I purchased one of your pre-assembled 16-servo controllers recently, and I’m having trouble getting it to work. None of my LEDs will light up.
The power supply I’m using for testing is a little wall adaptor that gives 6.6 volts. I’ve gone through the troubleshooting steps, and there doesn’t seem to be a short. The voltage I’m getting when I test C1 and C2 is 4.67 volts.
Does that mean the voltage regulator is the problem? Or is that enough of a difference from 5v to prevent it from working?
Any help would be appreciated…
We do full tests of all assembled units before we ship, so if there was no indication of damage through shipping, your servo controller probably works.
4.67 volts is definitely low, which leads me to suspect that you are not giving the board enough input voltage. Are you using the wall adapter to power the servos, too (because that generally doesn’t work)? Is the 6.6 V with no load, and what is the rated voltage on the adapter?
If possible, try connecting a battery to the logic supply and leaving the servo power disconnected, just to see if you get some LEDs to come on. A 9V battery or a 7.2 V RC car battery pack would do for the very quick test. If none of the LEDs still come on, it might be necessary for you to send the servo controller back to us for inspection. (If you do want to send it back, please contact us first for an RMA number.)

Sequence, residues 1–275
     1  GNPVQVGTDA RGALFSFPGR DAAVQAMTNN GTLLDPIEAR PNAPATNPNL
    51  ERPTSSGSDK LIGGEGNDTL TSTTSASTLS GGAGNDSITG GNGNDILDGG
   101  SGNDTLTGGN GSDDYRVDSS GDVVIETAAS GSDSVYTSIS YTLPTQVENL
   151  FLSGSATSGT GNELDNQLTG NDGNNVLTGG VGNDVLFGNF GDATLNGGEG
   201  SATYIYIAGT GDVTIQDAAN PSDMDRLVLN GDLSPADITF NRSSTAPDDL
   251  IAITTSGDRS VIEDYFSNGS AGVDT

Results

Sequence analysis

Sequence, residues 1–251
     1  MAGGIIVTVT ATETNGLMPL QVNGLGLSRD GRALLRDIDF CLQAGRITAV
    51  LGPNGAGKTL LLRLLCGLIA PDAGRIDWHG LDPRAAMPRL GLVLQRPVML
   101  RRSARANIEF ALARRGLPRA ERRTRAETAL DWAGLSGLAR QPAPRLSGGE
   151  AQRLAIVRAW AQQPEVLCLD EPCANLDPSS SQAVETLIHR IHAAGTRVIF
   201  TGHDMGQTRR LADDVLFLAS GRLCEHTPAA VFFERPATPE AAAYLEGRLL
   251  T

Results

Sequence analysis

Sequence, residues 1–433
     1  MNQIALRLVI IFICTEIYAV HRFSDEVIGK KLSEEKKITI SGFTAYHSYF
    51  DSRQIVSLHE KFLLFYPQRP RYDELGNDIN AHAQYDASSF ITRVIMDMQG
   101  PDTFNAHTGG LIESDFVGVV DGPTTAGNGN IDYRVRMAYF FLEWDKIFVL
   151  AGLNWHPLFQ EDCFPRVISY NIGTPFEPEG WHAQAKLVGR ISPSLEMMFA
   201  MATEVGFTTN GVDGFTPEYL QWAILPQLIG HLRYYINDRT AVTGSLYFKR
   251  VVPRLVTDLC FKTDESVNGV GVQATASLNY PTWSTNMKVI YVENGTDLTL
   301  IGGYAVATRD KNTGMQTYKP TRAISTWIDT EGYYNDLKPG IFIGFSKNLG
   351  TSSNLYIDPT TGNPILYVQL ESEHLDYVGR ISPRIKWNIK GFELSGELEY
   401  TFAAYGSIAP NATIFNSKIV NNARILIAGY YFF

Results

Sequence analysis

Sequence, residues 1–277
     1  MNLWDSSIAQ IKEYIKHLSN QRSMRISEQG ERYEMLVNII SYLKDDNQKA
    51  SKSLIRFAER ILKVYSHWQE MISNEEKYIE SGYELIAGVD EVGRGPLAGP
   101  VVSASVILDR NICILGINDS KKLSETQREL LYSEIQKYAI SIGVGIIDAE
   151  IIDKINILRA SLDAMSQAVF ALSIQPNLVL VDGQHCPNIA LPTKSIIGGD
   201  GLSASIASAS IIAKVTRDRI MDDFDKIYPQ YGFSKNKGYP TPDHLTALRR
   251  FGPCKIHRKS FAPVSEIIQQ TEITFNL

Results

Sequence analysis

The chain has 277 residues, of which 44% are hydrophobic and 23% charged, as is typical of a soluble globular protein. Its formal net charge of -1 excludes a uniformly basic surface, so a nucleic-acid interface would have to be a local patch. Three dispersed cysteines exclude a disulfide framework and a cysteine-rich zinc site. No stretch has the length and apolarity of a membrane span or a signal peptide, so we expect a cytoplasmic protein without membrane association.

I tried hooking up a 9V battery to the logic supply, with no servos attached and no serial connection. I haven’t tried hooking up the servo power supply at all yet. The battery is giving 8.6V while hooked up.
I’m getting the yellow LED to light, but that’s it. I now get no voltage at all across C1 or C2, but probing C1 with my meter flips yellow D3 off and green D2 on.
Any ideas on what this means?
The yellow LED coming on is normal; that’s what happens before any serial activity is detected (see page 10 for the initial test and all of the LED interpretations). What happens when you send some serial commands?
As for your C1 and C2 measurements, I suspect that you might be taking bad measurements. Are you sure you are not shorting anything as you take your measurement (you might have forgotten the leads in the current-measuring plugs)? If you are just taking voltage measurements, it shouldn’t affect the operation of the servo controller.